Imagine knowing that unless a miracle happens, you will be dead within two years. In 2007, that was the situation facing then 23-year-old Eva Markvoort. Born with Cystic Fibrosis, a disease that affects the lungs, causing them to fill with mucous and making it harder for those inflicted to breathe, Eva was in rough shape. Due to the condition itself, patients are isolated from others. Unable to turn to people in the flesh, Eva turned to the online community for support. She found it in two other women in various stages of the disease in 65_RedRoses, a documentary that is both heartbreaking and heartwarming, playing at this year's Vancouver International Film Festival.
Directors Phillip Lyall and Nimisha Mukerji have been given unprecedented access to all aspects of Eva's life, following her along her journey from hospital visits and back home, and every point in between. The film not only documents Eva's struggle, but her correspondences with online friends in similar situations to her own, allowing viewers to also learn about the bond of friendship that can be found even in a virtual environment. Lyall and Mukerji have also been granted access to Eva's surgeon, Dr. John Yee of Vancouver's Saint Paul Hospital, as well as all her hospital stays. They are there during the most hopeful of moments and the moments when Eva is at her lowest, and yet throughout it all everyone remains optimistic that the pager Eva carries will go off. This page is the difference between running, jumping, dancing, hanging out with friends, and everything else that a normal 25-year-old girl should go through -- and a life restricted to a hospital room.
65_RedRoses was the first film I viewed during the media screenings prior to the Film Festival, and the one that has stayed with me the most. It is by no means an easy film to view, especially considering the hospital scenes, which can be graphic and unnerving. I had to look away in spots, but the message is a strong one and it's really something everyone should see. Although it's not explicitly stated in the movie, the movie serves another purpose and that is to notify people -- especially the younger generation, of which Eva and I are both a part of -- that organ donation is an important thing. Eva got a second chance at life because someone signed a form and placed that little sticker on their driver's license. Not everyone can be as lucky.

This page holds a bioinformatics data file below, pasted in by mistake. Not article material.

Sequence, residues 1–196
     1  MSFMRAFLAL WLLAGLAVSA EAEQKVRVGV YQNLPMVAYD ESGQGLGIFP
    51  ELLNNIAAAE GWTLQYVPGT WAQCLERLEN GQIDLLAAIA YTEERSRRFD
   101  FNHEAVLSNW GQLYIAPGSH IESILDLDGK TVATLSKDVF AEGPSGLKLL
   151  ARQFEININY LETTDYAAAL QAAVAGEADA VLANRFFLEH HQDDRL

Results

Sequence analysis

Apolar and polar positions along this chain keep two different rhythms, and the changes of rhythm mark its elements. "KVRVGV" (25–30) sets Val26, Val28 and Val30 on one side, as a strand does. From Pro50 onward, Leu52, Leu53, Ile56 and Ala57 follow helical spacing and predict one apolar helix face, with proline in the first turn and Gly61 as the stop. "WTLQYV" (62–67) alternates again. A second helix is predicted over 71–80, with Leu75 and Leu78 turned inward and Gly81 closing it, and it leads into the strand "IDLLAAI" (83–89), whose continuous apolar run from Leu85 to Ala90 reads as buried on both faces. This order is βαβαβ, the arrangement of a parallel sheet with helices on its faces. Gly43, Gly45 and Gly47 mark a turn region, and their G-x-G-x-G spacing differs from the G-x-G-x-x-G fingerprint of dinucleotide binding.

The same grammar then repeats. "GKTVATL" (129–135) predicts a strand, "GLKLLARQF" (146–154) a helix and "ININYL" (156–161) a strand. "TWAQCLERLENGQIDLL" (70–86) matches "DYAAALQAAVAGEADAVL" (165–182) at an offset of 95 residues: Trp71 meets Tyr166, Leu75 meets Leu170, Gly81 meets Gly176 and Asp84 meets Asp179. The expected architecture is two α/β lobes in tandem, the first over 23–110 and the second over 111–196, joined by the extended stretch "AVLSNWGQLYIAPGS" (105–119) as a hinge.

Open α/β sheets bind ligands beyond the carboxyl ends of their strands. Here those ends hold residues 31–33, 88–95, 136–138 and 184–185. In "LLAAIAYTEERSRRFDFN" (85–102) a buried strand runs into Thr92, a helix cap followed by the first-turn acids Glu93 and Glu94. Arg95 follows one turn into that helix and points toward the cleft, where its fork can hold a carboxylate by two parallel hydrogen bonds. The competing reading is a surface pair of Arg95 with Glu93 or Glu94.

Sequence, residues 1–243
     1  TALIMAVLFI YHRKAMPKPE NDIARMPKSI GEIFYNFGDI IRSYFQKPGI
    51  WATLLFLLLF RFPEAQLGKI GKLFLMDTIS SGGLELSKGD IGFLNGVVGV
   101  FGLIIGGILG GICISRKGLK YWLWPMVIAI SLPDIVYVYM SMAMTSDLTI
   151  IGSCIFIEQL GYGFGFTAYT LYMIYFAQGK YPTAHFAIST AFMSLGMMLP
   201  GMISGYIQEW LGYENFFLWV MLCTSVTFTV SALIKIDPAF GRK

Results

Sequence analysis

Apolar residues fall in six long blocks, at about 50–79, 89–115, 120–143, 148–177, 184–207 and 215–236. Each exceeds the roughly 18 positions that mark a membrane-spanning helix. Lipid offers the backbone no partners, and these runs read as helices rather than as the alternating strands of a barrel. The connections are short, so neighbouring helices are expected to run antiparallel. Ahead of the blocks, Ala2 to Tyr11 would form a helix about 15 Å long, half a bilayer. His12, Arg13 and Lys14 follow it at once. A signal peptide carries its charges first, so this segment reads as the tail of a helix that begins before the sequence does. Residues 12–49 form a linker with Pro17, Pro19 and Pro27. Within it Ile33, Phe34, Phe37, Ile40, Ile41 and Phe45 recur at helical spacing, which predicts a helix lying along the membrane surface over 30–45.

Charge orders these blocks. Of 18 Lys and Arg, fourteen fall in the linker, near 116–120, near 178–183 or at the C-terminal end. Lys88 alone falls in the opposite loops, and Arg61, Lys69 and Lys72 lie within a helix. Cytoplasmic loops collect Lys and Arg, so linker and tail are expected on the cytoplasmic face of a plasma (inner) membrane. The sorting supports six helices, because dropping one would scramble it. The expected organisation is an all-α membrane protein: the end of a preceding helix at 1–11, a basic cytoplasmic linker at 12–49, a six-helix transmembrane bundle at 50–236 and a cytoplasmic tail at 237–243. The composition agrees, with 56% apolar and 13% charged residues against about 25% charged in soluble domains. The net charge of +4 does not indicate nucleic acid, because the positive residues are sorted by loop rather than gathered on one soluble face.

Documentaries can exist for many reasons: to tell a story, to inform about a certain issue, or to document a period in history that shouldn't be forgotten. The best of them struggle to do all these things, but 65_RedRoses is not only a well-constructed documentary that does them all, but it also manages to take the time to introduce its viewers to one of the most amazingly cheerful human beings I've ever had the pleasure of seeing on screen. If there's one must-see at the film festival, it's 65_Red Roses. Please take the time and effort to see this film -- you will be glad you did.
More information on Vancouver International Film Festival screenings and tickets can be found at https://www.viff.org/tixSYS/2009/xslguide/eventnote.php?notepg=1&EventNumber=3673
Mark McLeod has always loved film. In addition to his roles with ShowbizMonkeys.com, Mark also works on many film promotion projects in Vancouver, BC, through his company, Mark McLeod PR.